It is no longer a secret that the Asian juggernaut has sought to replace the US as the region’s hegemon
Indeed, it is no longer a secret that the Asian juggernaut has sought to replace the US as the region’s hegemon. It is difficult for Beijing to achieve that if Washington still stations some 30,000 American troops and advanced weapons, such as the Terminal High Altitude Area Defense, on the Korean Peninsula.
When Wang advanced China’s proposals, as he himself noted, some countries had doubts about them. In fact, until recently, many, and especially the US, still thought they were unacceptable. However, with North Korean leader Kim Jong-un’s sudden visit to China this week, they are no longer absolutely impossible and Beijing and Wang, who was recently promoted to state councilor, must be happy and confident about them.
In talks with Chinese President Xi Jinping, the North Korean leader was quoted by Xinhua, China’s official news agency, as saying he was “committed to denuclearization on the peninsula” and “the issue of denuclearization … can be resolved, if South Korea and the United States respond to our efforts with goodwill, create an atmosphere of peace and stability while taking progressive and synchronous measures for the realization of peace.”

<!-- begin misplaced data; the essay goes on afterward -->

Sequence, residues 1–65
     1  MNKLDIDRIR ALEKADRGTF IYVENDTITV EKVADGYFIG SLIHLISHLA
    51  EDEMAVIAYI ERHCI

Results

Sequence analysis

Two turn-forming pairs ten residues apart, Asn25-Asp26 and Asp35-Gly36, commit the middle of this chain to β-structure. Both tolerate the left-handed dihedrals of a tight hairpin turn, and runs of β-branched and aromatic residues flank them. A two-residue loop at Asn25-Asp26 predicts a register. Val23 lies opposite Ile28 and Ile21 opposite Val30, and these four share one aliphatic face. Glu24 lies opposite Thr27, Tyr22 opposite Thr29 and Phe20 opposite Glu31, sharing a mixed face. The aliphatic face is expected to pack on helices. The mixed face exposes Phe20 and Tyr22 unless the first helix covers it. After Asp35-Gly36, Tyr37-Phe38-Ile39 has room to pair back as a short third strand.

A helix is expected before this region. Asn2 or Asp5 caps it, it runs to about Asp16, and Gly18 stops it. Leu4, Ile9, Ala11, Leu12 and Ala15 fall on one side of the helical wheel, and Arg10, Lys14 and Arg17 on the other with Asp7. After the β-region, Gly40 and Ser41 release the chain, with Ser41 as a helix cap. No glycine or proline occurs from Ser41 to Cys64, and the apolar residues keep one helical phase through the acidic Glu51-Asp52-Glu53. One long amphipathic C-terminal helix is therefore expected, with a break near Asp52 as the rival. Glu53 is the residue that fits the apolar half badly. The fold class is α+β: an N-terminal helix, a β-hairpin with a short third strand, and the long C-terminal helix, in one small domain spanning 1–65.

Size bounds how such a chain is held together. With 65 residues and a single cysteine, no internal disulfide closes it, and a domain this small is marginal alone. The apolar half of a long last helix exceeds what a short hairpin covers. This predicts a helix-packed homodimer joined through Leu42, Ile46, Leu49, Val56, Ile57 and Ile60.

Kim’s words exactly summarized what China has championed.
Before his secret trip, there were suggestions that China was a peripheral player and Kim could even strike a deal with the South and especially the US at the expense of China in his meeting with his southern counterpart, Moon Jae In, and the announced summit with US President Donald Trump.